Rajasthan Feature


Palace on Wheels

If you have limited time, one of the most exciting and convenient ways to see Rajasthan is aboard the Palace on Wheels. This train, which runs September through April, takes you on one of the most luxurious rail journeys in the world, through a region well known for its historic architecture, varied wildlife, and heady culture. The eight-day-journey begins in Delhi, from where you travel to Jaipur, the capital of Rajasthan, with its "pink" city, forts, palaces, and ornately outfitted elephants. From there you travel across the desert to Jaisalmer, whose fort is a vision in sandstone, and to Jodhpur with its magnificent and well-preserved Mehrangarh Fort. Then you continue on to Ranthambhore, where you might spot tigers in the wild, and Chittaurgarh—at the heart of chivalrous Mewar state. At Udaipur, the city of lakes, you have a chance to lunch at the famous Lake Palace hotel (the James Bond movie Octopussy was filmed here). The last leg of the journey takes you to Bharatpur, which bird-watchers, especially, will enjoy. You'll also go to Fatehpur Sikri, chosen capital of the Mughal emperor Akbar, and finally Agra, where the stunning, ethereal Taj Mahal is the crowning experience of the breathtaking week.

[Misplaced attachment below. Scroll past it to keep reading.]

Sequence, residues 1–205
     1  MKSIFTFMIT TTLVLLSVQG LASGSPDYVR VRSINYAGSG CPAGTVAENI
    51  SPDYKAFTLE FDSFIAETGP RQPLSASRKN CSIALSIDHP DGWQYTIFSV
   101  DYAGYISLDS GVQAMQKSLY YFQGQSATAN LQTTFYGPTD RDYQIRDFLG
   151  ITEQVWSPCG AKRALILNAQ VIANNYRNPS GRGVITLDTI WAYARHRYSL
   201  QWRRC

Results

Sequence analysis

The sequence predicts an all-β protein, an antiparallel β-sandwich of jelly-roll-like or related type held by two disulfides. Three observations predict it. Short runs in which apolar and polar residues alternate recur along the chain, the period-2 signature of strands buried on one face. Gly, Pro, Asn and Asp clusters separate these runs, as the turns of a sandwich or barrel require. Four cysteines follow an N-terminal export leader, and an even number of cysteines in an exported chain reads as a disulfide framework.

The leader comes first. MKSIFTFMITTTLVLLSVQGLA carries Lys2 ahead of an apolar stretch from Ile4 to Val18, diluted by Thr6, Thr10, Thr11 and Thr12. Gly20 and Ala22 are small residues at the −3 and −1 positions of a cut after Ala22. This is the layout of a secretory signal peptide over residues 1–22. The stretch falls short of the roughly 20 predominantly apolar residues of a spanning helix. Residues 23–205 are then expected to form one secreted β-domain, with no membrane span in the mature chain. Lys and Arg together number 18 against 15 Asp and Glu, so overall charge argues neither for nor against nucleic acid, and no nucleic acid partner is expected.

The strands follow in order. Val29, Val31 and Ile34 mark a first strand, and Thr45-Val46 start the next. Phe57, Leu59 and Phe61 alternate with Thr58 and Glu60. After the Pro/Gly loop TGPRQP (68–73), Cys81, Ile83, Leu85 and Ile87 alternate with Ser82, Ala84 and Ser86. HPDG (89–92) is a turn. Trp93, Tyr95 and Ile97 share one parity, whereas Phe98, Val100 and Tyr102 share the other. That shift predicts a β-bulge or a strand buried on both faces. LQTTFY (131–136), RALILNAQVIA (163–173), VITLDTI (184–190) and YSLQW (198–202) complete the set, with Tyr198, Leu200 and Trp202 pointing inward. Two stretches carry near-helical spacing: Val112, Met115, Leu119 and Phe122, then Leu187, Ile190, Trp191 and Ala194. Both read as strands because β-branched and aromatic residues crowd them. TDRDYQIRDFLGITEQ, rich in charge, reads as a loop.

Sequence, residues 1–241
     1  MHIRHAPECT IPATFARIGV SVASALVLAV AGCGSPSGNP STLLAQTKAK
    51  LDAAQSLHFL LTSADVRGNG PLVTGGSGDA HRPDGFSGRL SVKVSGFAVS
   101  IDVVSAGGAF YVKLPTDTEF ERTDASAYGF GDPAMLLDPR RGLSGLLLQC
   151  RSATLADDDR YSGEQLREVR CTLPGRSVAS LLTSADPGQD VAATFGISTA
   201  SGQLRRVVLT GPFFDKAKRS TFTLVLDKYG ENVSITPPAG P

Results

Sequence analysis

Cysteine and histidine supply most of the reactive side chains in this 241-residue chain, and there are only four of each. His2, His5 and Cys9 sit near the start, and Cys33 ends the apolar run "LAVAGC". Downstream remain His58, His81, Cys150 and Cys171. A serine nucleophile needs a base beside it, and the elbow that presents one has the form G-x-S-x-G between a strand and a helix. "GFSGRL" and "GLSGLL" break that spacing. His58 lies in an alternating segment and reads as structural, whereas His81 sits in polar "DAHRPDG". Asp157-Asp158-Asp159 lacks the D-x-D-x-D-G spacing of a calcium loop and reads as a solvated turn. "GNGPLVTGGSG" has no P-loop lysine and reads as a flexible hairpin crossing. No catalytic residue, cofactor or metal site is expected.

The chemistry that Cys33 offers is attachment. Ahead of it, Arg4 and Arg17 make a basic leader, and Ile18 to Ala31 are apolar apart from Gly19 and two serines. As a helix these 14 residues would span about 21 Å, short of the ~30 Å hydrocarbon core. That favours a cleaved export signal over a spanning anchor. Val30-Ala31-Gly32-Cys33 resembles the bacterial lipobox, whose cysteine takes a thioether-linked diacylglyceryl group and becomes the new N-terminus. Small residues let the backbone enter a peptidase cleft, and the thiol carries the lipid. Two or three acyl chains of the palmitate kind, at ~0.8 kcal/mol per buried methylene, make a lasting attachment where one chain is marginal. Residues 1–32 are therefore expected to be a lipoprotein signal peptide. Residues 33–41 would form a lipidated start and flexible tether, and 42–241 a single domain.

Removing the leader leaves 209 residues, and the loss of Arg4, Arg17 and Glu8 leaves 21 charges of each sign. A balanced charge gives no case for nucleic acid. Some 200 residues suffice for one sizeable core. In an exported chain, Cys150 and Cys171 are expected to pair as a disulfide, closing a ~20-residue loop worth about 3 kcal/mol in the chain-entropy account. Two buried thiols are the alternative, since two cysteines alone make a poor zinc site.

The destinations, however, are only half the fun. The train's 14 splendid coaches are replicas of those once owned by the viceroy of colonial India and the rulers of the princely states of Rajputana, Gujarat, and Hyderabad, and the plush accommodations allow you to sink blissfully into an unforgettable experience of India's sophisticated royal past while watching rural scenery through elegant, wood-frame picture windows. Bedchambers have private baths, while the train's shared facilities include two dining cars and a lounge coach with a bar and library. Service is warm and attentive, and each coach has a captain and an attendant. Your ticket on board this opulent train—it's about $520 per person per night for standard double occupancy (there are hefty surcharges over the Christmas–New Year period)—covers taxes, all meals, including those taken off the train, entrance fees to every monument and national park, and cultural entertainment. Beverages (alcoholic and nonalcoholic), camera fees, Wi-Fi and some other items are not included. The Palace on Wheels' well-planned route allows you to take in a lot in a week, though it's more antiseptic than the typical India experience and some travelers don't appreciate being herded around in a group.

Updated: 03-2013

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